Following the incident, dozens of columnists have either defended or admonished Toobin, often ignoring the real issue of whether Condé Nast faces significant legal liability for creating a hostile work environment. The definition of sexual harassment in the workplace is broad enough to include Toobin's alleged behavior of masturbating in a video call seen by other employees.
Toobin was participating in a video conference on Zoom to prepare for election-night coverage by a podcast jointly produced by The New Yorker and WNYC. During a break in the discussion, Toobin left his web camera on and pointed it downward while switching to a separate video call The New York Times described as "the video-call equivalent of phone sex."
Toobin later rejoined the election simulation, apparently unaware he had exposed himself. What happened next is unclear, though it's likely that someone on the call mentioned the incident to The New Yorker's management, leading to the suspension. Toobin also asked CNN, where he has been a legal analyst since 2002, for time off.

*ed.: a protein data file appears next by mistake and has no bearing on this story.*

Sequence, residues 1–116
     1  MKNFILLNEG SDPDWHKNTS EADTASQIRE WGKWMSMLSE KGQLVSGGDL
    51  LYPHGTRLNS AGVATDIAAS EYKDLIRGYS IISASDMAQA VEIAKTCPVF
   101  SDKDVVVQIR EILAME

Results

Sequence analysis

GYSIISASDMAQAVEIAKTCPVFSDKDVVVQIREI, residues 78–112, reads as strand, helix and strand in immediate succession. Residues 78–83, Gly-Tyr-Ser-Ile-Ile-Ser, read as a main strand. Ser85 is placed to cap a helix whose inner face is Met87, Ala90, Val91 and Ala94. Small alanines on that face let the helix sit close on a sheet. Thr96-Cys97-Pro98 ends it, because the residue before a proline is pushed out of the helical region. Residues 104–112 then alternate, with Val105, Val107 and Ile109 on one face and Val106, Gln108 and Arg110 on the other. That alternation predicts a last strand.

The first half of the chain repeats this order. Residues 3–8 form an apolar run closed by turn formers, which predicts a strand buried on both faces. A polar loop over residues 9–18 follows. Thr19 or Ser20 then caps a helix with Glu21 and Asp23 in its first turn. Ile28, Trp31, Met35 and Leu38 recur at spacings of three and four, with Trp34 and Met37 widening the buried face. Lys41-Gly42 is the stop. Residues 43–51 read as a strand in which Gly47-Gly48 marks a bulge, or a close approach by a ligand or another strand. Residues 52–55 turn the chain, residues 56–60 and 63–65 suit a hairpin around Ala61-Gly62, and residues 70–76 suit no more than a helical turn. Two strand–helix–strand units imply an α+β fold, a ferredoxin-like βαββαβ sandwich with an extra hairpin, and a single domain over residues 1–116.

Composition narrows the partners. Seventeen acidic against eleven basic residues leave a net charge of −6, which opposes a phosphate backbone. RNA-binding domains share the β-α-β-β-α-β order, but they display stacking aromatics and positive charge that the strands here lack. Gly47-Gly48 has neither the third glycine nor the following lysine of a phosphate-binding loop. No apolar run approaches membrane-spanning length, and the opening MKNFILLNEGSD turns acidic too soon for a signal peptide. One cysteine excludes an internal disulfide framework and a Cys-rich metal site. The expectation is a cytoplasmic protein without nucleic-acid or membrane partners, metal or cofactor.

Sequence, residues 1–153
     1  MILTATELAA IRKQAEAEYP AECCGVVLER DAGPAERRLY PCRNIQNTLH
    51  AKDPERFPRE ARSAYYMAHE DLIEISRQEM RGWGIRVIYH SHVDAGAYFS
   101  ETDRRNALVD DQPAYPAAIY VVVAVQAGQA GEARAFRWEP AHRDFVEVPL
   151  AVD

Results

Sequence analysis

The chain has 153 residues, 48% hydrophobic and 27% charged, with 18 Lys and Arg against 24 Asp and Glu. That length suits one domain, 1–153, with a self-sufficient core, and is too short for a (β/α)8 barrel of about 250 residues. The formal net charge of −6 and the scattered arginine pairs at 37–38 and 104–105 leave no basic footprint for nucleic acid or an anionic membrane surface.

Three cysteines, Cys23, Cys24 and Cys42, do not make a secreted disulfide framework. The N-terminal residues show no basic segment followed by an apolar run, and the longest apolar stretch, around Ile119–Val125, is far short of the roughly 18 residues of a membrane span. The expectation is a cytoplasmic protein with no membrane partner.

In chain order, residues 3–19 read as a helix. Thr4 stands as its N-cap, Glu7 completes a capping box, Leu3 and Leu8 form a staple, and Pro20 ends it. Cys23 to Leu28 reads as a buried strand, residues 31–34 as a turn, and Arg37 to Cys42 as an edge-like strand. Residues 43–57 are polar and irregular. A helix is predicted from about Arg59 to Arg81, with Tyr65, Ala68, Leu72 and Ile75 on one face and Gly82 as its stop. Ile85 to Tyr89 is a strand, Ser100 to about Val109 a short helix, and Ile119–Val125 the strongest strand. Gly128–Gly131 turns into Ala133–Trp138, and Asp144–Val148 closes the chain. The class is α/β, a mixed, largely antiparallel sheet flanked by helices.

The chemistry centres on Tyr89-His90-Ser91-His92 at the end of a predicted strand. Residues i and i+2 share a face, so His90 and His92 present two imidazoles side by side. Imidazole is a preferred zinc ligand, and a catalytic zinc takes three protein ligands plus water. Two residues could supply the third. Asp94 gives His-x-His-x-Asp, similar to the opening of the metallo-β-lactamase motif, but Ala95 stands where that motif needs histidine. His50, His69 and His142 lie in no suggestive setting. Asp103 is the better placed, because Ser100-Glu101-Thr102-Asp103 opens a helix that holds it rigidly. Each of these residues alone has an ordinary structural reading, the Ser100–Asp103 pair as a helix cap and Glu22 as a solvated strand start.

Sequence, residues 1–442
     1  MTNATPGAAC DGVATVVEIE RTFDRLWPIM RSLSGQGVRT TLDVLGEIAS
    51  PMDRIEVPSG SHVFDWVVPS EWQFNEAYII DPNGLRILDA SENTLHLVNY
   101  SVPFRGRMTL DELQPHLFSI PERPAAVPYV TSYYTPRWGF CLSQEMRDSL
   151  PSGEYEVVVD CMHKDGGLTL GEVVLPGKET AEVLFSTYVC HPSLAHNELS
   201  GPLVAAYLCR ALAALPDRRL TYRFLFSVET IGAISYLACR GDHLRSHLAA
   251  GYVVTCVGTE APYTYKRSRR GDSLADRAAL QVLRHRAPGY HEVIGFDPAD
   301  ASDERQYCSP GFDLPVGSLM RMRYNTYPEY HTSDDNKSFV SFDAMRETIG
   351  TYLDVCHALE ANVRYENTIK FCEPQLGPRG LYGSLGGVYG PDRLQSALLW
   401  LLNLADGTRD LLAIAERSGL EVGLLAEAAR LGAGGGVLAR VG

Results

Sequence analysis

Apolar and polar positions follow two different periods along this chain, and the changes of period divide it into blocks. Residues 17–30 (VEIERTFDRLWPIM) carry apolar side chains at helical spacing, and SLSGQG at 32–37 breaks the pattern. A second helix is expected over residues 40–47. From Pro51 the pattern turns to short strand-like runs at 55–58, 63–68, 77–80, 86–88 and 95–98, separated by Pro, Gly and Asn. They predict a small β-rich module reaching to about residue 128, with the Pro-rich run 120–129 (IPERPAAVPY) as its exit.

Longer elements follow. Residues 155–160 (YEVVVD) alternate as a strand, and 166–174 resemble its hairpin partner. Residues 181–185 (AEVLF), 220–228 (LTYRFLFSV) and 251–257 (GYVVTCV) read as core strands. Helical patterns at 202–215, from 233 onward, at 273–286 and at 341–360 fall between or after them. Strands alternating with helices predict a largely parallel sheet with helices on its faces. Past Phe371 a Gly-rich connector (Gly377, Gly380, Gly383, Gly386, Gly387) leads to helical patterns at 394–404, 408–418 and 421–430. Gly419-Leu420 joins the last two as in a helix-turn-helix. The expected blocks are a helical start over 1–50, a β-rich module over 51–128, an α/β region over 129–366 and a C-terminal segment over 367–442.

In an emailed memo to New Yorker staffers, EIC David Remnick confirmed that Toobin had been suspended and was investigating the matter. It's hard to imagine what the magazine's management and legal counsel will discover to mitigate the circumstances for Toobin, given his admission of making "an embarrassingly stupid mistake."
The company has to consider whether it wants to employ someone whose judgment is lacking and who may repeat the behavior. Allowing Toobin to return to work may be seen as tacit approval of objectionable actions. That would expose the company to complaints by aggrieved employees who could potentially cite the Toobin incident as part of a pattern of creating a hostile workplace.
The incident is a reminder to other publishers they may need to clarify their policies against sexual harassment to cover work-related video conferences, and train employees to recognize behavior that's offensive and possibly illegal.